Anjuli Mishra Cameron serves as Research Director at the Council on Asian Pacific Minnesotans, an executive branch agency for the state of Minnesota. In her capacity at the Council, Ms. Cameron provides original research and reporting to inform the legislature and governor’s office about the economic, social, legal, and health status of Asians and Pacific Islanders residing in Minnesota. Prior to her work at the Council, Ms. Cameron conducted medical research at the University of Minnesota and the University of Chicago. She also served as the Health Initiatives Director for Sewa-A.I.F.W., where she co-founded Minnesota’s first South Asian free health clinic. Ms. Cameron holds a bachelor’s degree in neuroscience from Carleton College and a master’s degree in biomedical sciences from the Rosalind Franklin University of Medical Sciences.


Lucy Capelle

My name is Lucy Capelle. I was born and raise in the Marshall Islands. I graduated with a B.A in Biblical Studies at South Pacific Bible in Suva, Fiji Islands in 2004. I am married with four children. My husband is Pastoring a local Church here in Springdale for about two years now.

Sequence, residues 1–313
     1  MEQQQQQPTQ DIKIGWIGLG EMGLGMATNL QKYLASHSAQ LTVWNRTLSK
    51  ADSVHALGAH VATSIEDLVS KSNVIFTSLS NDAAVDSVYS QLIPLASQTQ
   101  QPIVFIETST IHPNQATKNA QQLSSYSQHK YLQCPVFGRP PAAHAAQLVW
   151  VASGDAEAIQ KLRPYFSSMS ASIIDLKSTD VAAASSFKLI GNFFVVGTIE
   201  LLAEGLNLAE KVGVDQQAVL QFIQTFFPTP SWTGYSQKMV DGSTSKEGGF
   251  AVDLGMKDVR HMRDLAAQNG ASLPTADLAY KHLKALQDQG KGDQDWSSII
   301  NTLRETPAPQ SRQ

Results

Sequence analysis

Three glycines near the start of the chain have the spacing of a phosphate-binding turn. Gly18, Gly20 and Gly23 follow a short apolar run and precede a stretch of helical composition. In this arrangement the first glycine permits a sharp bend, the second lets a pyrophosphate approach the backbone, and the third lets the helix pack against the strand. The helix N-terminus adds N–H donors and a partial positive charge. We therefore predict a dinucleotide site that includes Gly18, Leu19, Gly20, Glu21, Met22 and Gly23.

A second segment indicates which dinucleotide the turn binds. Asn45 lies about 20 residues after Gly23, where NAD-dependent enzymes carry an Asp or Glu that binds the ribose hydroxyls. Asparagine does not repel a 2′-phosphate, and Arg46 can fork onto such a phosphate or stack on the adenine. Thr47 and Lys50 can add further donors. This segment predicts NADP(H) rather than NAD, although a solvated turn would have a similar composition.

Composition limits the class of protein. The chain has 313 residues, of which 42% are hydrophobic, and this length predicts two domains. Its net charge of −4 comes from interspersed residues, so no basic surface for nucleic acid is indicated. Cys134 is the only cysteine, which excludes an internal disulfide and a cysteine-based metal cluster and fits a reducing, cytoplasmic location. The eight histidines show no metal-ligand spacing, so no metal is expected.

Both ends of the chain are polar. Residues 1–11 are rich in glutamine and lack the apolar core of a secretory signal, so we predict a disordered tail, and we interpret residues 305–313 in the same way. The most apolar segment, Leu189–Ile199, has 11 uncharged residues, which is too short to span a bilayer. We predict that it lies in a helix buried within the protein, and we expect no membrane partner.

In 2006, I started working at the Ministry of Education at the Marshall Islands as a classroom teacher for 3 years.
In 2008 to mid-2014 I worked at Youth to Youth in Health at the Marshall Islands as a Program Manager for Substance Abuse Prevention and Treatment Program.

I moved to Springdale, Arkansas on July 2014. In 2016 of September I was hired to work with ACOM as their Program Coordinator. I am still with ACOM, I am passionate about the work that I do for my community.


Lata D’Mello

Lata D’Mello is an assistant director at Monsoon Asians and Pacific Islanders in Solidarity, an organization serving victims/survivors of domestic violence, sexual assault and human trafficking in Iowa. She works as an advocate, providing direct services to API victims of gender-based violence; trains and supervises advocates; edits Monsoon’s communication materials; and does community outreach and education. She has also led an oral history project on older Asian women in Iowa who have been victims of sexual assault. Lata hails from Mumbai, India. She has had about 22 years of experience as a journalist in newspapers in India, Singapore and the United States. Her interests are social and economic justice, gender studies, community health, and arts and culture.